HOLYOKE - It's a long way from this aging mill city to the beaches of Malibu and Waikiki, but the fast-paced game of volleyball was born in Holyoke's YMCA in 1895.
William G. Morgan, the Y's "physical director," invented "mintonette" as a less strenuous alternative to basketball - created next door in Springfield - that middle-aged businessmen could play on their lunch hours.
American soldiers and sailors spread the game around the globe during two world wars, and volleyball has blossomed into a sport played by more than 800 million people. But its heart still lies in Holyoke, home to the Volleyball Hall of Fame.
Even though the modest museum lacks the interactive pizzazz of Springfield's Basketball Hall of Fame, it does a good job tracing the history of the sport that John O'Donnell, who helped found the hall, calls "the greatest game in the world." O'Donnell began his career in the organized sport in 1969, when he served as commissioner for the New England states, and later turned to refereeing.
The Volleyball Hall of Fame dates from 1978, and began inducting honorees in 1985, including local star Karolyn Kirby. Brookline-born Kirby won a gold medal in the 1992 Olympics, and held the record for most wins on the women's professional beach volleyball circuit.
Plaques and memorabilia honor other stars from around the world. The game's simple requirements - a volleyball, a net, and willing participants - helped its spread. The museum's displays include a half-regulation court with silhouettes of players to explain the six rotating positions.
Over the decades, the game has evolved into two forms: indoor volleyball, played six against six on a hardwood court, and beach volleyball, played two-on-two in official competitions but also with varying numbers of players in casual matches. While O'Donnell considers the indoor version the purest form of the sport, he understands the attractions of playing in the sand, and of watching players clad in swim togs.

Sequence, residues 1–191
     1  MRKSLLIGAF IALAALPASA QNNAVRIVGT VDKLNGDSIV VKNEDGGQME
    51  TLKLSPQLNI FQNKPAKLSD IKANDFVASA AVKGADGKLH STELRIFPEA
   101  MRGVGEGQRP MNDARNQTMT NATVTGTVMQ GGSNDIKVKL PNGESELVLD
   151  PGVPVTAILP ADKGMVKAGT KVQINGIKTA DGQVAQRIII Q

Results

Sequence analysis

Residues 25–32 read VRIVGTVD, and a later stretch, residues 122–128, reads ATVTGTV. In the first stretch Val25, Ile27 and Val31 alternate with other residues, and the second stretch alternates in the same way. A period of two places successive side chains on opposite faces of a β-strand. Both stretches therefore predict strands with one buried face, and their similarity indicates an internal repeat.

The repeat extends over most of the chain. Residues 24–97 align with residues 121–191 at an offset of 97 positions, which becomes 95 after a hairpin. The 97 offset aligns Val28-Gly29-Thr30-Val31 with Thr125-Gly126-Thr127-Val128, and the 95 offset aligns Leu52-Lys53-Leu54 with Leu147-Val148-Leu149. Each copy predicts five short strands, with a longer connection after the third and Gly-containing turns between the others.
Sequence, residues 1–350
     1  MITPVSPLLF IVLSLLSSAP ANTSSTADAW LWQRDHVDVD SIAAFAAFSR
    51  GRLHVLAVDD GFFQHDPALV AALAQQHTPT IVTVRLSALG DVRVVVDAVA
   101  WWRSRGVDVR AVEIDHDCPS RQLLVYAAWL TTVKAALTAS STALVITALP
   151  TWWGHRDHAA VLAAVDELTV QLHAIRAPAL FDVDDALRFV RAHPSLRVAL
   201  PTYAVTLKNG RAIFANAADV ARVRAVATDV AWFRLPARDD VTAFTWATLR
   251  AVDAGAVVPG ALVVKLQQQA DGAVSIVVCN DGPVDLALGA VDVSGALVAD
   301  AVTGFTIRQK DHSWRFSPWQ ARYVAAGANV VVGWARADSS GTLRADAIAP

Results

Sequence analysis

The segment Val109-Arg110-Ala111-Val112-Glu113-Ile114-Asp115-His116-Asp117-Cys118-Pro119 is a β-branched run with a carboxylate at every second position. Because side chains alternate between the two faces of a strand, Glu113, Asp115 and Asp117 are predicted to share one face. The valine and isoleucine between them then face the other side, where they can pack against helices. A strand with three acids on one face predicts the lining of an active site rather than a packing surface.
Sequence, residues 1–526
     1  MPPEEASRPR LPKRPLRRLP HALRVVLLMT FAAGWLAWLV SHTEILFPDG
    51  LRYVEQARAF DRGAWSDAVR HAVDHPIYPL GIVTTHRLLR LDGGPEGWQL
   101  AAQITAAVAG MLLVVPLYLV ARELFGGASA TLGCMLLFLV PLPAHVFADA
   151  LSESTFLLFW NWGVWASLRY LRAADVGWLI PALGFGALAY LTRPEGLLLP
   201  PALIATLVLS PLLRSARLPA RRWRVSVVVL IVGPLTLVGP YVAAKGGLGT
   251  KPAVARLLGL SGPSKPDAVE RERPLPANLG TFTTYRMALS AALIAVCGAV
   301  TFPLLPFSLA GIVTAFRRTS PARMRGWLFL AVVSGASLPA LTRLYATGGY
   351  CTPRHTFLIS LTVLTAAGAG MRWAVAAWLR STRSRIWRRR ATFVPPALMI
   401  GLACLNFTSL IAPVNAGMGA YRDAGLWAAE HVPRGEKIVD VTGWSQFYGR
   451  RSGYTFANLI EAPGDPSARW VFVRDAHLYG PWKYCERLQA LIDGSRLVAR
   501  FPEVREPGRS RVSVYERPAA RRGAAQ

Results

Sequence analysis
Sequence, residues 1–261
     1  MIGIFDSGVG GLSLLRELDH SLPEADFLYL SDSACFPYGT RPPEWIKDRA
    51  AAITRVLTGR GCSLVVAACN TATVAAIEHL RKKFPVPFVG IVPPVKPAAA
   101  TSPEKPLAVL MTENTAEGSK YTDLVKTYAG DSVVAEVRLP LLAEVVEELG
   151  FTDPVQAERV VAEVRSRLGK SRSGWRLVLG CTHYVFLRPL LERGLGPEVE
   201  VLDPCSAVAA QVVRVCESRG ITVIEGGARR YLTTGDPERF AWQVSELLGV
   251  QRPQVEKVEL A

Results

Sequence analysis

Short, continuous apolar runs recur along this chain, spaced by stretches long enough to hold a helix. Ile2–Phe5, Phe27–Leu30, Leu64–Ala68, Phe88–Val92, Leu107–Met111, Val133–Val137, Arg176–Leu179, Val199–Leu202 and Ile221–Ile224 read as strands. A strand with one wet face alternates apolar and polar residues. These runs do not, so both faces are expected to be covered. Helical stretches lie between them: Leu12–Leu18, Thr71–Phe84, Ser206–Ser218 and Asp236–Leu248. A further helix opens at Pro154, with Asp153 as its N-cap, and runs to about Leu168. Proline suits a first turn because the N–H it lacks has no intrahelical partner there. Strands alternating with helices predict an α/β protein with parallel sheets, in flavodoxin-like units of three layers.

"Everybody says Wilt Chamberlain really boosted the sport," he says of the basketball legend who took up volleyball with a passion after retiring from the NBA in 1973. "But with Wilt, it was all about the girls."
The game achieved Olympic status in 1964, when indoor volleyball became a medal sport in Tokyo. O'Donnell officiated the men's gold medal match in the 1984 Olympics, when the United States narrowly defeated Brazil. When the match was over, O'Donnell seized the ball for posterity and donated it to the hall. He got all the team members, including honorary captain Tom Selleck (an amateur player for Honolulu's Outrigger Canoe Club), to sign it.
Beach volleyball joined the Olympics in 1996 in Atlanta. But O'Donnell says the sport remains true to its roots as a friendly competition dreamed up in a small-city Y more than a century ago.
"Volleyball people," says O'Donnell, "know how to leave it on the court. They compete hard but afterward they go out for a pizza and a beer."
David Lyon, a Cambridge-based freelance writer, can be reached at Harris.firstname.lastname@example.org.